Wednesday, June 9, 2010

Dinosaur bones notify stories about northern Alaska

On a fine spring day about 70 million years before, a few dozen duck-billed Dinosaurs waded a channel of a great northern river. As they strode on two legs into the cloudy water, the man-size hadrosaurs had no thought how the sunshine was affecting the snowpack in the high mountains to the south.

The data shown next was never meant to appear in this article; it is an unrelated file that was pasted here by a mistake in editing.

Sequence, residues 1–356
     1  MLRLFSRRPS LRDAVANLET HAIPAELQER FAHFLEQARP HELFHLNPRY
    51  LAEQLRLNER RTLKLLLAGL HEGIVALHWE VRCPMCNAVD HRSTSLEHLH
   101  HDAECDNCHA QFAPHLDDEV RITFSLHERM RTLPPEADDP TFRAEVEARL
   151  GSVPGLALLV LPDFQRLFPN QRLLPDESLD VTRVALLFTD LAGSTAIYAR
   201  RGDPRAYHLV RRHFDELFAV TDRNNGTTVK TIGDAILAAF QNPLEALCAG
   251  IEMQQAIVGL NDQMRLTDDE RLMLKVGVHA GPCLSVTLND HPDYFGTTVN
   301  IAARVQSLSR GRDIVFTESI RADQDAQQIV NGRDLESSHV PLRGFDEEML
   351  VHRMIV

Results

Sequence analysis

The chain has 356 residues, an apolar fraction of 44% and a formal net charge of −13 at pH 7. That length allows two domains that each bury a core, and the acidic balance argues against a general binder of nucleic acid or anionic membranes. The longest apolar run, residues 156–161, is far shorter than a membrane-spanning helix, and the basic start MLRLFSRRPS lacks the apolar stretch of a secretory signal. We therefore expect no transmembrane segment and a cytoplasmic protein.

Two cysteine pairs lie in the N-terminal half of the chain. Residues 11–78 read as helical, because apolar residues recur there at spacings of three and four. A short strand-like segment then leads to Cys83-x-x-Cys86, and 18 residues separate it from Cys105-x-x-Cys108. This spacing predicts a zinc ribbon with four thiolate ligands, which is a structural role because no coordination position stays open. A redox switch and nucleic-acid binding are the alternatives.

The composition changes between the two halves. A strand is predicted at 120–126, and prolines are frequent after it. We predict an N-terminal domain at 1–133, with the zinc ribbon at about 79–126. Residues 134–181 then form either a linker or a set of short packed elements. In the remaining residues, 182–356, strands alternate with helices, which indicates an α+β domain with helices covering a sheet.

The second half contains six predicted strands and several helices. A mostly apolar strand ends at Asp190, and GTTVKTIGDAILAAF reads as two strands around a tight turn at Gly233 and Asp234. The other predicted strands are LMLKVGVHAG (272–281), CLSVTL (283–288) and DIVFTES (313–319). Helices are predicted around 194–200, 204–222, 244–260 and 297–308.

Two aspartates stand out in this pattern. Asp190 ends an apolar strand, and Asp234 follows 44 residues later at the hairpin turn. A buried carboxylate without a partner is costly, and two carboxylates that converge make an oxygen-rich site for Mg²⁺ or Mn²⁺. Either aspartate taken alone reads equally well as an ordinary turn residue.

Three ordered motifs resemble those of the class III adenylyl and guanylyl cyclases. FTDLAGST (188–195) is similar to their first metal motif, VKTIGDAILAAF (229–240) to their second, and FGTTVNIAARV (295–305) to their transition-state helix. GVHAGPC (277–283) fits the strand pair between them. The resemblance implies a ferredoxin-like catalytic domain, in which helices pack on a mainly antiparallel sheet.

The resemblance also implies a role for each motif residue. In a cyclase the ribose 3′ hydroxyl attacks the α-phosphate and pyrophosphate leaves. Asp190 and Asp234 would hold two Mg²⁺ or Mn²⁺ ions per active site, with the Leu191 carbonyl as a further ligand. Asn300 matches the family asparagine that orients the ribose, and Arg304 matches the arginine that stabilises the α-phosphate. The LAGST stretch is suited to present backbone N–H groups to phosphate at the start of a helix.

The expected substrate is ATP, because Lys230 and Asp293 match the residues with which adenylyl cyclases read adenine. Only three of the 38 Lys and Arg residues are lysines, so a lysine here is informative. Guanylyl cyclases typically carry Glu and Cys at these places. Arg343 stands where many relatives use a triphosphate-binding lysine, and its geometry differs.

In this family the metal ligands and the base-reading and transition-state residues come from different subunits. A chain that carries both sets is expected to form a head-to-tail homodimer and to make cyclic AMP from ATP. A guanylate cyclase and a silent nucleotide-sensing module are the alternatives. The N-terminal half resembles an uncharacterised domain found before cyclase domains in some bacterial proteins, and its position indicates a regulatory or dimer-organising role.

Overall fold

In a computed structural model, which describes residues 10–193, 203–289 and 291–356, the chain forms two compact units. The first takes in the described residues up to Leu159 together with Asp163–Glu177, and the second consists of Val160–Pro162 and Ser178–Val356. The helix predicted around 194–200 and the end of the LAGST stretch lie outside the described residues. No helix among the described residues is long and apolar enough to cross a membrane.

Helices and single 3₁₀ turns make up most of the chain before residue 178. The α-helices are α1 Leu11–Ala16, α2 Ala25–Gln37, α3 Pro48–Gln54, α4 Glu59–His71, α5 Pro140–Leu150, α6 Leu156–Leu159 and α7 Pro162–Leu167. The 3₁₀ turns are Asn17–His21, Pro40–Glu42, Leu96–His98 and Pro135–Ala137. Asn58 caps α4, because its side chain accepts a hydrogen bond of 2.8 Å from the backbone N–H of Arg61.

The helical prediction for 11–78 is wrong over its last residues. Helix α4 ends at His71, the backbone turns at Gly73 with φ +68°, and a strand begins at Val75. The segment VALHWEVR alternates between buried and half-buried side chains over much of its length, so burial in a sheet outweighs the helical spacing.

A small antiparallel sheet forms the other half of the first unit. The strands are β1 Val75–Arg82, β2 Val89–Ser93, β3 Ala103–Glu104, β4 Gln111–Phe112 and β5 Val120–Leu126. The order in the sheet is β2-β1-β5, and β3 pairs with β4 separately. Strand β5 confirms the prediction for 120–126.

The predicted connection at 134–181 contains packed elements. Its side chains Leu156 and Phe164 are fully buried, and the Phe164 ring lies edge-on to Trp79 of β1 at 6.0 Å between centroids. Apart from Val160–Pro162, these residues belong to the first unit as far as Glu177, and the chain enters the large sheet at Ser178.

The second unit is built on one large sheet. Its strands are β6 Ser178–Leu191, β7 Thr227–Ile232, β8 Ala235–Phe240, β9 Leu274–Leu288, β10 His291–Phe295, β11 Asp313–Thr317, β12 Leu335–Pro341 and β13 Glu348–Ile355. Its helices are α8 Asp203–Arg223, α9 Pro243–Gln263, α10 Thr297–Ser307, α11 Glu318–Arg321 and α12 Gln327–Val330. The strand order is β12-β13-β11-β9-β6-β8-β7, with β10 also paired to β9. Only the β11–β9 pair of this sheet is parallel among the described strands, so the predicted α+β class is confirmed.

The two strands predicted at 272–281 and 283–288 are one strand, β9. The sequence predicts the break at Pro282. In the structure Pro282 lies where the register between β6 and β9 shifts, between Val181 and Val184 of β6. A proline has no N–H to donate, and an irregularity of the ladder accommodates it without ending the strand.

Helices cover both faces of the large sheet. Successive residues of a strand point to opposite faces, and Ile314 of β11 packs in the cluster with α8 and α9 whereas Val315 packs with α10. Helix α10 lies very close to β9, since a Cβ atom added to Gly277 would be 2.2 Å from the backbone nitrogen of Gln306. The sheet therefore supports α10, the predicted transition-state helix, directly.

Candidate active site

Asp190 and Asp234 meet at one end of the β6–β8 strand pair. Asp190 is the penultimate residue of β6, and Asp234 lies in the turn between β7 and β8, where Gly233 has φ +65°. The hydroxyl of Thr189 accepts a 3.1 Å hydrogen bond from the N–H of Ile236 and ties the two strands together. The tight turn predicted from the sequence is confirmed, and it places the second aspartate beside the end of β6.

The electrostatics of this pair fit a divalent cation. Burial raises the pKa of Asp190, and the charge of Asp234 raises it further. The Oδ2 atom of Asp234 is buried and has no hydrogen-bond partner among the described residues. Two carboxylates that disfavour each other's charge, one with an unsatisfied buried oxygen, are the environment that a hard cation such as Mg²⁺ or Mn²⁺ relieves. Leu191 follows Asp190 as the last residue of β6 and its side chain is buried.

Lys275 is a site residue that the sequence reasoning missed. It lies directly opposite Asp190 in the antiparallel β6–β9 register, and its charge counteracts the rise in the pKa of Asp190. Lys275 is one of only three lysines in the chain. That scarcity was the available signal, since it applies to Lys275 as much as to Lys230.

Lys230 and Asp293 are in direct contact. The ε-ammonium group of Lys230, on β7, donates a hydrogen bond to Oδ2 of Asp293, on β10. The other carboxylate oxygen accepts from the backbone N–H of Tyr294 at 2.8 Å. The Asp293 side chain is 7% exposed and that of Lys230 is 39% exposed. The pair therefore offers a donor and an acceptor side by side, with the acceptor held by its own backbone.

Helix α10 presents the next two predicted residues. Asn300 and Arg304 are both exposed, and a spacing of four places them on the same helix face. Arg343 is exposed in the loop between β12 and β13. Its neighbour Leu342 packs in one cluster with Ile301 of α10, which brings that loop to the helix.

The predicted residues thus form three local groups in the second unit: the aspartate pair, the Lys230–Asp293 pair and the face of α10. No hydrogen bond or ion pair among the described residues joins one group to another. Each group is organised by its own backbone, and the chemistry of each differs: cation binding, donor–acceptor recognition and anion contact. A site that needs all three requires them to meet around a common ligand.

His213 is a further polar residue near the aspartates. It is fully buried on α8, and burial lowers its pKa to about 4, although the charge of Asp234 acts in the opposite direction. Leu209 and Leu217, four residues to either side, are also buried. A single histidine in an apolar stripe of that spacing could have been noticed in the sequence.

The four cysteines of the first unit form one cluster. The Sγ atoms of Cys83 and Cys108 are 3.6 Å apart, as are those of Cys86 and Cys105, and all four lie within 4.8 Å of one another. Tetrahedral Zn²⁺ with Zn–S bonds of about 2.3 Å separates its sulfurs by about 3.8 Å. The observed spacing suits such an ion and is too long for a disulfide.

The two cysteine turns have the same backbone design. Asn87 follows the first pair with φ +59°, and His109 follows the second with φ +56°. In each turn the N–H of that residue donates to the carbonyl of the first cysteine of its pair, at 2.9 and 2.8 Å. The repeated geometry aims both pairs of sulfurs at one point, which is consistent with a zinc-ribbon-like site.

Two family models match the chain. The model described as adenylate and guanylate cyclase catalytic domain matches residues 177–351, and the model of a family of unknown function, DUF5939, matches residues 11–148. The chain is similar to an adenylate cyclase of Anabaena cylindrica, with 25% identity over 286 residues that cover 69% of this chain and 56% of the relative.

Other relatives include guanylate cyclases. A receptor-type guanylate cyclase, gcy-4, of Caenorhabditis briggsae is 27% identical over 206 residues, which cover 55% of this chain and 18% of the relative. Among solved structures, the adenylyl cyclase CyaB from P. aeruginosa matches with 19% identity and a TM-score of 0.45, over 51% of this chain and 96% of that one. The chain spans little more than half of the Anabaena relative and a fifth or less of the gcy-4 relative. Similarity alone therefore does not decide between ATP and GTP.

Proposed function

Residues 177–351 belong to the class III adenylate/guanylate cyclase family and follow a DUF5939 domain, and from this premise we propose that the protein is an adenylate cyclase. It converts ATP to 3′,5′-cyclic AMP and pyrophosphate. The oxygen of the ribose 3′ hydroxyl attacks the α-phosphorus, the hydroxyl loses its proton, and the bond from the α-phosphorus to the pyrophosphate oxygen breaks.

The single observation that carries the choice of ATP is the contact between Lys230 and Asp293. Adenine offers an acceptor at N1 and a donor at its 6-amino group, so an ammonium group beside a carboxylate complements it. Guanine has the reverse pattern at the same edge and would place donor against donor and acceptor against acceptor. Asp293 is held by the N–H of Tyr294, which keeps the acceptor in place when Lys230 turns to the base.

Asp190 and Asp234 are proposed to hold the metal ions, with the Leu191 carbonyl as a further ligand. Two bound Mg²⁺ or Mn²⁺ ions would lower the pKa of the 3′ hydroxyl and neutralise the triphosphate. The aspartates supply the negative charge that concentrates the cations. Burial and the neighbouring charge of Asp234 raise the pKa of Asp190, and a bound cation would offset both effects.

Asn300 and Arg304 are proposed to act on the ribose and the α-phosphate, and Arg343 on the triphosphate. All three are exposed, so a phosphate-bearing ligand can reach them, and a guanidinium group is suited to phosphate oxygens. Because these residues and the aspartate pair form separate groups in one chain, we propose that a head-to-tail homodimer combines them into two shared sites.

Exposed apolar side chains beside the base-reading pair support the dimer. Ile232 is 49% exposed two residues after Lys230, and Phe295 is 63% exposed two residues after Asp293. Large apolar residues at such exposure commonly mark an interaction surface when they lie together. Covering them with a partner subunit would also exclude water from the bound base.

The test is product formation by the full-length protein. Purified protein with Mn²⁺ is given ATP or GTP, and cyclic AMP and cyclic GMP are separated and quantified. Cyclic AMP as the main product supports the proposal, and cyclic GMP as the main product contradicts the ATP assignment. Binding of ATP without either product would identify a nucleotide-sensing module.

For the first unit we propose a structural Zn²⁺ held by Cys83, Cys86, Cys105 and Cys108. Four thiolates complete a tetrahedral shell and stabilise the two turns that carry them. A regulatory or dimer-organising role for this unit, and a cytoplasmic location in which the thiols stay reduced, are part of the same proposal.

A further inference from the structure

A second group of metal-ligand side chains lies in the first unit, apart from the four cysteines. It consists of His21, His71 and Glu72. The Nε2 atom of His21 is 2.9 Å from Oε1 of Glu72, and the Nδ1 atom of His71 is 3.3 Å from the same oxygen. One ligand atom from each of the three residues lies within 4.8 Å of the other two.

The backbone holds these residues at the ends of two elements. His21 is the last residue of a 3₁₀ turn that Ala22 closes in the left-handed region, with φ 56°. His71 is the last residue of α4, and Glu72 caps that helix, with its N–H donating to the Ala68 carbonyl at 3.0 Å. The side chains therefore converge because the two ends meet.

A pulse of meltwater from the elevated country had swollen the river to much higher levels in the span of just a few hours. The dinosaurs ventured out too distant, lost their footing, struggled and drowned. The river carried the bodies of the beasts downstream, depositing them at what is at present a bend of the Colville River.

Researchers write that large floods in ancient Alaska may be in charge for the impressive deposits of Dinosaur bones they have found on Alaska's North Slope.

No comments: